February 2010


Lorraine Duffy Merkl is a New York author, freelance journalist and advertising creative director/copywriter. Her debut novel, Fat Chick, was published in 2009. She also writes a bi-monthly column - New York Gal - for Manhattan Media’s Our Town and West Side Spirit newspapers. (Interview by Annmarie Ottman)

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  1. 1. What inspired you to write your debut novel, Fat Chick?

    Well, they say write what you know, and since I’ve gained and lost the same 30 pounds over the past three decades, I felt I knew of what I spoke. But, once I started writing the story of this person who goes up and down the scale, I realized the story would be more interesting if it were about something deeper. I wanted to refute the myth that once you go from fat to thin all will be right with your world. You’re still you. At the opposite end of the diet spectrum, a person is still obsessed with food, even if the obsession is to not eat a lot of it. I decided to use weight fluctuation as a metaphor for living life in extremes, emotionally as well as physically, and how being black or white deprives you of life’s shades of gray. For a long time, I had been preoccupied with the idea of living a life with balance, so I made “finding balance” the theme. I wanted the main character to find the emotional balance that she once had in her life when she was a young girl. She lost her balance when her father was taken from the family and that played itself out by either overindulging with food or depriving herself of it. Finally, another tragedy in her adult life brings back her desire to get back on track. First, she has to let go of the past, then she begins her journey to reclaim her emotional center. This is visible as she also reaches a middle ground physically.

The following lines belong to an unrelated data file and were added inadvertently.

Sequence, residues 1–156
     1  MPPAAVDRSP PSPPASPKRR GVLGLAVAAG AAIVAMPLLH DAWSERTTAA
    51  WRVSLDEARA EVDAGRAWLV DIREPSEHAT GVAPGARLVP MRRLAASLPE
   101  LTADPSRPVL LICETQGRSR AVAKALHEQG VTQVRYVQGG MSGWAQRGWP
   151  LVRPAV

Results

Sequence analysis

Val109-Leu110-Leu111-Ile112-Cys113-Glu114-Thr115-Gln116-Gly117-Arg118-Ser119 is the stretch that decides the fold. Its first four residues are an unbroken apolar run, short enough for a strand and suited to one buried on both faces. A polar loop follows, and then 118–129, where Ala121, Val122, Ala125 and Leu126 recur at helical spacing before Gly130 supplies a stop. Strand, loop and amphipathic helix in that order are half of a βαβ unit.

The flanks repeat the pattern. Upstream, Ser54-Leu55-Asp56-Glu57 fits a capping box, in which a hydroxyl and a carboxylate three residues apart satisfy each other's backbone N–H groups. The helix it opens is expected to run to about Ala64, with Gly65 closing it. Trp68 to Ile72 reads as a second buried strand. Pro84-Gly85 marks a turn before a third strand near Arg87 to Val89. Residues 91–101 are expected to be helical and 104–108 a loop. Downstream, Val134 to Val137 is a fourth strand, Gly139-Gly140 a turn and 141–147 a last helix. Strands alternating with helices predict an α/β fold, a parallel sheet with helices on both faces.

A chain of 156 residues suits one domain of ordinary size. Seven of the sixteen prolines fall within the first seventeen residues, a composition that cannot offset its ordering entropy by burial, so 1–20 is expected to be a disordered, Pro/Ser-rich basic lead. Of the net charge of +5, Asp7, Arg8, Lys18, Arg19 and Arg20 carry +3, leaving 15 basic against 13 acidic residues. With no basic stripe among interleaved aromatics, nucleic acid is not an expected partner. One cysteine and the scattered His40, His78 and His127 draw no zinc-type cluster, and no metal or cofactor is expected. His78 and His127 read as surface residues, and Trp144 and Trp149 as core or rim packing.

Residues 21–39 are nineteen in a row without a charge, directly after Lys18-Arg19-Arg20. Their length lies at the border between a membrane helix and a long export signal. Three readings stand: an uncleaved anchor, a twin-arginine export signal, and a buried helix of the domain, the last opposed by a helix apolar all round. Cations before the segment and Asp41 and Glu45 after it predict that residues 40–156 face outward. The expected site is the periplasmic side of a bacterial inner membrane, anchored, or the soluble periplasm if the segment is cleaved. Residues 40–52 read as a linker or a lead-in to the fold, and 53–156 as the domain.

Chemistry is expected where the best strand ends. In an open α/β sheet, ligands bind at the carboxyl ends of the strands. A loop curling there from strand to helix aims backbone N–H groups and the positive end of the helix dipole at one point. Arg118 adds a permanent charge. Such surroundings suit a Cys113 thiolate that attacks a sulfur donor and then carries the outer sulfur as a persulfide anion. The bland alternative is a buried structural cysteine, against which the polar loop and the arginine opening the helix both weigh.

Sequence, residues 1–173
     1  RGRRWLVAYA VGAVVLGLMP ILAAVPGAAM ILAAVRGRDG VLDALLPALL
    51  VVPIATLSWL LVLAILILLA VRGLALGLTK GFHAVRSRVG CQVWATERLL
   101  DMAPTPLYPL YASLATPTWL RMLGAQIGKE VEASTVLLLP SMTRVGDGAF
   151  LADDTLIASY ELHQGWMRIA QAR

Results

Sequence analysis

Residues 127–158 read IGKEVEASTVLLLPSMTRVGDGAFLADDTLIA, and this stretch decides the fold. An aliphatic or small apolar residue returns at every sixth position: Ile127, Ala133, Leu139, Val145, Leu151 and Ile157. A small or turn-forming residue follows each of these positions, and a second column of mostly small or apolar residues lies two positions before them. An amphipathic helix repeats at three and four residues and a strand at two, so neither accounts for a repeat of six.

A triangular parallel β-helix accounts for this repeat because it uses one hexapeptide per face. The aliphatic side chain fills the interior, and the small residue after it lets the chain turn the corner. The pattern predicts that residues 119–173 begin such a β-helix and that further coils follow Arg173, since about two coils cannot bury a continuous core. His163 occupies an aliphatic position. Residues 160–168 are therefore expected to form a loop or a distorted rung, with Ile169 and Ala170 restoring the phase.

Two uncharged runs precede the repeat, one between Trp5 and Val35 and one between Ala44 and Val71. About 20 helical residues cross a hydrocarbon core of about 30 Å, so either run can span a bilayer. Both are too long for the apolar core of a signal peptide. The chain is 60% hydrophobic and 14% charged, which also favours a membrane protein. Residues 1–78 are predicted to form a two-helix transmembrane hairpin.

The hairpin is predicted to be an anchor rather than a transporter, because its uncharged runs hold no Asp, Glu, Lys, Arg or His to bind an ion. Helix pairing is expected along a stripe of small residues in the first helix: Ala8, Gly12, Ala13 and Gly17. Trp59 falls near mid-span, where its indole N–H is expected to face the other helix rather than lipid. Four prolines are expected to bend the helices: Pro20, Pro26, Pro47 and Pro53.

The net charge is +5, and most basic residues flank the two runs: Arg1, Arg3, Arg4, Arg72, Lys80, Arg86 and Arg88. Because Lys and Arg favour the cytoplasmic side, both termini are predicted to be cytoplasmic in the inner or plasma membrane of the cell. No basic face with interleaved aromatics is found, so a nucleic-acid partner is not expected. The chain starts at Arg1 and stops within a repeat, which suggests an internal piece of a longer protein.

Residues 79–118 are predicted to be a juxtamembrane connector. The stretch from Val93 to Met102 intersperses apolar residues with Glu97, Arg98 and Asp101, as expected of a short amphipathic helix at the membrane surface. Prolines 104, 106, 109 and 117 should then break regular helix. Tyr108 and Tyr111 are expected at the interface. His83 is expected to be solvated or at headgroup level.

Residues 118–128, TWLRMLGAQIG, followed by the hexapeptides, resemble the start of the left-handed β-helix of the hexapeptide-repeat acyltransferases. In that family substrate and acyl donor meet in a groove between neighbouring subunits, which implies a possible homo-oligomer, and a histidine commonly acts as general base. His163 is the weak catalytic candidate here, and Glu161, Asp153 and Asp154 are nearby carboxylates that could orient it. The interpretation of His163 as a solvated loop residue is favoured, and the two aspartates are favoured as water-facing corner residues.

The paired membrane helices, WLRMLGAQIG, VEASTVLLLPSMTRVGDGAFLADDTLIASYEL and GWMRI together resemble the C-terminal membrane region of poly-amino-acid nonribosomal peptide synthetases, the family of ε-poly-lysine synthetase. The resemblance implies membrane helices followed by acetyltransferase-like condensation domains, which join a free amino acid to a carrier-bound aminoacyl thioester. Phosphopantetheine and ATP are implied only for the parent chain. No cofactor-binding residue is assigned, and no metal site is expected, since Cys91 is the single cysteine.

2. 2. What is it about Trish that will appeal to readers?

    I think the appeal of Trish is that like so many people who have an issue, she treats the symptom not the cause. In her case, she over-eats, and her solution is to go on a diet to get thin. This keeps repeating itself over and over for years. It’s not until she gets to the reason for over-eating that she can break the cycle.

  3. 3. In 2009, Glamour magazine was applauded for featuring “plus-size” models. The models were closer to size 10 or 12 than size 2. Do you think it is absurd that we consider women who are a size 10 or 12 “plus-size”?

    My understanding of “plus-size” models was always that they were more like size 22. I also read recently in fact, that the average woman is size 10 or 12. The idea that plus models are now size 12 seems like something fishy is going on in the fashion industry. They are being pressured to cater to larger sizes because they’re not selling as many size 2s as they used to or something like that. But they don’t want to reconstruct their fashions to fit a size 18 or 20, so they’ve just changed the category of “plus” to suit themselves. How could a size 10 be a plus? Plus what? A person with flesh on her bones does not a “plus” make.

  4. 4. Do thinner girls always get the guy?